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University Library Instruction Program

This Page provides information for Faculty about the Information Literacy Instruction Program at the Cal Poly Pomona University Library

About Our Instruction Program

Our active Library Instruction and Information Literacy Program includes the following instructional services:

  • Face-to-Face Instruction

In order to enhance student learning, librarians design face-to-face instruction sessions that are tailored to specific courses and research assignments. Faculty can contact their instruction librarian to schedule instruction in our computer-equipped instructional facilities, or they can request that librarians come to their classrooms.

  • Online Learning Modules

To meet the learning needs of students 24/7, the library provides self-paced online tutorials and guides, including interactive, how-to screencasts that faculty can link to from their webpages or from Blackboard. Many of our tutorials contain quizzes and certificates of completion, making it easy to incorporate them into your classes as homework assignments, as extra credit, or as part of students' class participation grade. 

  • Librarian/ Faculty Collaborations

Librarians are available to work with faculty on teaching and learning projects, such as:

    • Designing or revising library research assignments to ensure that they are up-to-date and aligned with current library resources.
    • Constructing subject and course guides that meet the research needs of your students.          
    • Integrating instruction in research skills and other information literacy competencies into courses and programs.
    • Assessing student learning of information literacy skills.

Tips for Integrating Information Literacy into Your Courses

1.  Assume minimal library knowledge. Although some students may be familiar with using specific library tools, few really understand the intricacies of using the catalog and approrpriate databases to find materials on their topic.  

2.  Clearly describe your research expectations in your syllabus, in your assignments, and in class discussions. Make sure students know what types of sources are and are not appropriate for research in your discipline and what types of tools they should use to find them.

3.  Make sure your assignment clearly states your expectations about the quality of sources students should use. If students can still get a good grade by relying on random websites that are not written by experts in the field, then they have no real incentive to use scholarly resources. That being said, do not forbid the use of web based materials. Rather, require that students use "scholarly" or "refereed" journals. That way, the quality of the publication is the key point, not its medium.

4. Explain the difference between searching the free web and searching online databases. Students need to know that the expensive databases the library subscribes to usually provide quality information that is much easier to find than the kind of hit-or-miss Web searching students often do. When the Web is the best or sole source for the kind of information you require, recommend specific sites, specific expert lists of links, or specific directories to help them find authoritative, timely and useful information. 

5.  Teach research strategy when appropriate. Include a list of steps involved in the research assigned. Invite your library faculty subject specialist to review strategies for the assignment with the class and discuss appropriate tools or types of materials.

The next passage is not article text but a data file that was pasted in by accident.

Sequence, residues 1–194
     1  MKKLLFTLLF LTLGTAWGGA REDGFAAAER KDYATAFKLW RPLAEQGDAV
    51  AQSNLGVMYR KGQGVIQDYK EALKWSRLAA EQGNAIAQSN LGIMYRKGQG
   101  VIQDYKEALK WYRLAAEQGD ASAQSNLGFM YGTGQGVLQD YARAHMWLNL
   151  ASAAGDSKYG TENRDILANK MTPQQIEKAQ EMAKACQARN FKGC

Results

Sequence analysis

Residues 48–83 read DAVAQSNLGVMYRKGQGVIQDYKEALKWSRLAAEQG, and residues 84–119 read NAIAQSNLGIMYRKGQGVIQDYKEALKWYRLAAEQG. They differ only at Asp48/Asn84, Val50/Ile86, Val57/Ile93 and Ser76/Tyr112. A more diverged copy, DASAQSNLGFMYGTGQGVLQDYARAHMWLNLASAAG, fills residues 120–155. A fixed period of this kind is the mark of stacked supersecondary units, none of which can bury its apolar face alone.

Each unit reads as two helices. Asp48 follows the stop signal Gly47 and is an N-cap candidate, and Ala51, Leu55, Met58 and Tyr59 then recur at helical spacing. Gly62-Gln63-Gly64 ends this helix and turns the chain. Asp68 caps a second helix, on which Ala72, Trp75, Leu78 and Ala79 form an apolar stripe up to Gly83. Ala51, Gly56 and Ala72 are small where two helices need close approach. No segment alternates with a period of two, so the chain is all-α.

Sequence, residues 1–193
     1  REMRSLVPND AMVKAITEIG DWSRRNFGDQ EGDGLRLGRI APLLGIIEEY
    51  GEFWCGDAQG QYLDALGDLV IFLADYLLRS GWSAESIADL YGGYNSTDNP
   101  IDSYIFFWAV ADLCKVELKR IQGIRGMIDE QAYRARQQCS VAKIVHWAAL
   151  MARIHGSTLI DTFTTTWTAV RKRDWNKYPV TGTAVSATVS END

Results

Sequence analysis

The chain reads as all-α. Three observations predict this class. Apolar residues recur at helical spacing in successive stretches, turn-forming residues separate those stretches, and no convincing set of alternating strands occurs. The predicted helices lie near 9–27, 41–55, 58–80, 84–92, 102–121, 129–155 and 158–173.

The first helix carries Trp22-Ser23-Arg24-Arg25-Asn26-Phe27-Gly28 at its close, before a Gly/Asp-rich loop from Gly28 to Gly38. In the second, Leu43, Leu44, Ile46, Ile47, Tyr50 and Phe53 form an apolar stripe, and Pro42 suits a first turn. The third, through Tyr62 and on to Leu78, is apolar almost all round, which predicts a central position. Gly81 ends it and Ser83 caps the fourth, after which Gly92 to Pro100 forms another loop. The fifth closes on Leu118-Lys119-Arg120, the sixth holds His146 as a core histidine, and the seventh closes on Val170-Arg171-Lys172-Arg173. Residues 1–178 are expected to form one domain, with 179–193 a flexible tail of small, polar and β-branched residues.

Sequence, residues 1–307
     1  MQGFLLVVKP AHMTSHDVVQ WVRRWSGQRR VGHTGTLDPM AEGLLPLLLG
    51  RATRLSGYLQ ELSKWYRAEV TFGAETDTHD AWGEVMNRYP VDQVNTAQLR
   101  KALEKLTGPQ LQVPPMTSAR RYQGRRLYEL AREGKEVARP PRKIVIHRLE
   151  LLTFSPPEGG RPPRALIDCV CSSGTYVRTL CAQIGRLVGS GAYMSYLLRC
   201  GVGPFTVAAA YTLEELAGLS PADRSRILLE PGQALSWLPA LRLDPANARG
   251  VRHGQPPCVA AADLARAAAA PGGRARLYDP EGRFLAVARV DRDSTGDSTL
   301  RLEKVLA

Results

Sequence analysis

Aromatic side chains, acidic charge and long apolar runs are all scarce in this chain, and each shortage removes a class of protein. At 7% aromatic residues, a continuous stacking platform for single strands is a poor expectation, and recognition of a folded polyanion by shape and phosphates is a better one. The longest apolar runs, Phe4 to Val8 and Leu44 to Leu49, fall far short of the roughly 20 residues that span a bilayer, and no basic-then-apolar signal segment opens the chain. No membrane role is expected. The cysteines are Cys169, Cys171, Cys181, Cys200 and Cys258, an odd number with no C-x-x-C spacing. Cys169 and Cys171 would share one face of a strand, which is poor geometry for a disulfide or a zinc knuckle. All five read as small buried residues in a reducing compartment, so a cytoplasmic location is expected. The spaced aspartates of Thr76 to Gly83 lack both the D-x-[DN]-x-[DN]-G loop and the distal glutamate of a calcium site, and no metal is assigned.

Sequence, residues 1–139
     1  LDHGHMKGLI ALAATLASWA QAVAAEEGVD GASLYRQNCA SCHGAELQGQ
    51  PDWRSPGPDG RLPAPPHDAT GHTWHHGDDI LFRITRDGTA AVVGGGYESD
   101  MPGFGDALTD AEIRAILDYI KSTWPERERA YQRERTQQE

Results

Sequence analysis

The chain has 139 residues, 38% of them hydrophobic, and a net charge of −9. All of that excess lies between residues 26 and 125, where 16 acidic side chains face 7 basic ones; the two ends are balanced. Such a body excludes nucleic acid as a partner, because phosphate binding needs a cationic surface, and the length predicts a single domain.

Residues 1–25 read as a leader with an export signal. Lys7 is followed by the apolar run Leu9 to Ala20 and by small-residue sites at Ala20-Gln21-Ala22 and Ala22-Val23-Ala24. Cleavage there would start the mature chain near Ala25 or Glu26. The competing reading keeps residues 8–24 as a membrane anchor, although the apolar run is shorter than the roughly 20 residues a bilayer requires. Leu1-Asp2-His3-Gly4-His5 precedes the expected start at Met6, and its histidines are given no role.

6.  Source evaluation is particularly difficult for students. Consider designing an assignment or activity that asks them to explain why they chose each of their sources, why they believe they are reputable, and how they plan to use them in their papers.

7.  Explain to students that they need to search for "journal articles" not "journals." Contemporary library tools are now more geared to finding articles in databases than looking for individual journals by title. Telling students that they need to get some "articles" on a subject rather than "journals" goes a long way in avoiding confusion.

8.  If students say "the library doesn't have anything on my topic," encourage them to set up an appointment with a librarian, as the reality is that we probably do have material on the topic, or if not, we can probably get it from another library.

9.  Get to know the librarian for your department. S/he would be happy to design a face-to-face instruction session or research guide to help your students with specific research projects.

10.  Always be sure the library holds the needed information. There are few experiences more frustrating than looking for what does not exist or has been checked out. Use the Library's Reserve service for materials that many students need to use. Send an advance copy of the assignment and its due date to your library faculty subject specialist or the Library's Information Literacy Coordinator.

11.  Avoid the mob scene. Dozens of students using just one print source usually leads to misplacement, loss, or mutilation of materials. Give students a variety of topics and sources. Use our online materials as well as course reserves as needed.

12. Avoid scavenger hunts. Searching for obscure facts (outside of a meaningful context in which students have a real need to find and learn about those facts) frustrates students and teaches them very little about the research process (which includes not only having an authentic need for information but also using that information for some specific purpose--to solve a problem; make a decision; present information to others in the form of a paper, report, or speech; etc.). If planning a library exercise, talk to your library faculty subject specialist about designing as assignment that positions the use of library resources within a meaningful, inquiry-based context.